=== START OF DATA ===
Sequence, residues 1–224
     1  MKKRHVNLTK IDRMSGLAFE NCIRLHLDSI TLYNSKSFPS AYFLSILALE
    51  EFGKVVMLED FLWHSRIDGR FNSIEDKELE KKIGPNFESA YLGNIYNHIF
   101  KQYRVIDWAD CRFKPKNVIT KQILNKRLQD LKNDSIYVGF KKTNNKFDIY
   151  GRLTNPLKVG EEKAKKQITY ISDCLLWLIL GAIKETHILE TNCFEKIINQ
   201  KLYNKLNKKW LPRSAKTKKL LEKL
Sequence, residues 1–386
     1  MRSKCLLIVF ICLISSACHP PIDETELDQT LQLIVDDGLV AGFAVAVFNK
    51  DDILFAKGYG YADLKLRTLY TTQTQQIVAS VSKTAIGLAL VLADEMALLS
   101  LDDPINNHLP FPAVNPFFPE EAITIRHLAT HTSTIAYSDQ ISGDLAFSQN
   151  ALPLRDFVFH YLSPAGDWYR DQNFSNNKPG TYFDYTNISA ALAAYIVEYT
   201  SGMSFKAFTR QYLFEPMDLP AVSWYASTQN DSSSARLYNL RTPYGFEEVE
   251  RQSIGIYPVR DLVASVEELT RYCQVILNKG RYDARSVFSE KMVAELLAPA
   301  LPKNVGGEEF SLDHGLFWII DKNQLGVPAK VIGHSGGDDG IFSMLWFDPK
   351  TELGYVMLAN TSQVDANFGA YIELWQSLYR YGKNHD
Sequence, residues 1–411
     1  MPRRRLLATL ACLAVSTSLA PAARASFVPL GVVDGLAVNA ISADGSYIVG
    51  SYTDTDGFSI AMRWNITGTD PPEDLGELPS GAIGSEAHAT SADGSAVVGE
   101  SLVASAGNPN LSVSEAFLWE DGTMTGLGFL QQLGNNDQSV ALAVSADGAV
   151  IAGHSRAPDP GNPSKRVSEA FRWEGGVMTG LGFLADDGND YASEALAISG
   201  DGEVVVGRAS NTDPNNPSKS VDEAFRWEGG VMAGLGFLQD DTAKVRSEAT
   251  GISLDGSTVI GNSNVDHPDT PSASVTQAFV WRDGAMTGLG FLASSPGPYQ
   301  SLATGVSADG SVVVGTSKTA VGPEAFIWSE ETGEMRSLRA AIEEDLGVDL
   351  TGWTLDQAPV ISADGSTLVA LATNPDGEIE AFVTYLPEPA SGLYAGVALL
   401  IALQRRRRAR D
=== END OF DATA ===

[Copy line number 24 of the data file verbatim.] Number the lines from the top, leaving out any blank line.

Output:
   351  TGWTLDQAPV ISADGSTLVA LATNPDGEIE AFVTYLPEPA SGLYAGVALL